Kevin Pierce, an experienced massage therapist and educator, recently presented the session "Reviewing Your School's Curriculum: Why and How" at the AMTA 2011 Schools Summit. Below, Kevin has provided a recap of his session with some key points for re-thinking your own curriculum. You can also view the handouts from Kevin’s session here.
Massage Therapy Education: Rethinking Curriculum Revision
By Kevin Pierce
The main goals of my Schools Summit presentation were to help attendees establish best practices to effectively evaluate and revise their own program curriculum. My aim is to raise awareness of critical thinking, detailed analysis, structure, goals and outcomes of curriculum.
Below, I’ve explained what "curriculum" really means and outlined the steps your school can take right now ensure you are successfully reviewing and revising your own curriculum.
What is curriculum?
Before looking at the process of evaluating and revising curriculum, it’s important to establish a fundamental understanding of what curriculum actually encompasses. Curriculum is an educational plan that spells out the goals and objectives to be achieved; topics to be covered; and the methods to be used to learn, teach and evaluate class work. Curriculum defines and describes a program of learning--it should include philosophy, content, approach and assessment.
In his book Curriculum Renewal (ASCD, 1987), Allan Glatthorn identifies six types of curriculum:
Recommended curriculum: Curriculum which some individuals or organizations consider to be ideal.
Written curriculum: This curriculum is produced by an organization or school and includes guides, scope of practice, and programs of study. It's often called "official curriculum" because it is developed to control the instructional program of the school.
Taught curriculum: This refers to what is taught in the classroom, usually based on written curriculum and individual assessments.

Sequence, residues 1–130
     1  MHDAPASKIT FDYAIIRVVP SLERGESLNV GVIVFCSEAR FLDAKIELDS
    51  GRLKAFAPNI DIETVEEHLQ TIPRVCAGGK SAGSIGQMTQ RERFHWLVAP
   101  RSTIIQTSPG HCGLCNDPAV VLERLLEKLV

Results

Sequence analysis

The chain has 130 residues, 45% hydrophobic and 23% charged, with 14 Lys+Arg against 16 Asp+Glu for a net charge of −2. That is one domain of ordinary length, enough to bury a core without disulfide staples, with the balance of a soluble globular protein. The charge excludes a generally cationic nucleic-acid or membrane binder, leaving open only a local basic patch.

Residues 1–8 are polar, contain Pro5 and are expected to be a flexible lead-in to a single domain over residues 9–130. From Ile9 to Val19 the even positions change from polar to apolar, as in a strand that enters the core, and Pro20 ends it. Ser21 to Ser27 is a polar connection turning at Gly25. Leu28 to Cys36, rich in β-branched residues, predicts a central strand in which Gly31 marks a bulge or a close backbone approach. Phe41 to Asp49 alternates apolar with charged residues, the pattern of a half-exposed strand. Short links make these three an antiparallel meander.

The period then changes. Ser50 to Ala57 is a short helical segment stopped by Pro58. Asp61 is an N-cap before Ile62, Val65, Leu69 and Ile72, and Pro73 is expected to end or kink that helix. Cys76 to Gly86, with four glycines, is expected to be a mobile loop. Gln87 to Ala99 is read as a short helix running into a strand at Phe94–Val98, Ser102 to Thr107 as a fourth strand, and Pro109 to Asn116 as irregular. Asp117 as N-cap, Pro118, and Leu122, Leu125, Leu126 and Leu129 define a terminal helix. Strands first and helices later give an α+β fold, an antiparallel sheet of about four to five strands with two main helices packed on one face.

Supported curriculum: Supported curriculum is usually found in the textbooks, computer software and other materials available to teachers, including the teachers' own experiences.
Tested/assessed curriculum: Curriculum that is revealed in the tests and other assessments given to students.
Learned curriculum: This is what Glatthorn calls the "bottom-line" curriculum; it's what students actually learn at school, whether from direct instruction or from their experiences with the school's informal programs and practices.
When revising curriculum, it's critical to remember that consistency is key. Focus on what you want your students to learn as you begin the evaluation and revision process. Curriculum plans must reflect career outcomes, present standards of the profession, and future expectations for the profession. All staff and instructors must understand and support the components of the plans.
Why revise curriculum?
Some key motivators for revising curriculum include updating statistical data, introducing new modalities, adding new classroom tools and technology, upgrading current instructional format, and needing to comply with accreditation standards or regulation changes.
There are different approaches to revision:
- Editing: Revision that is based on structure, accuracy and grammar.
- Non-substantial changes: Changes to internal format, delivery, text editions, assessments and current content that does not change the overall course description (i.e. “housekeeping”.)
- Substantial Changes: Changes to large-scale format, the content and structure of the course and/or program. Substantial changes significantly change the course and result in a change in the course description and syllabi.
The approach you choose will depend on the depth and complexity of your curriculum revision.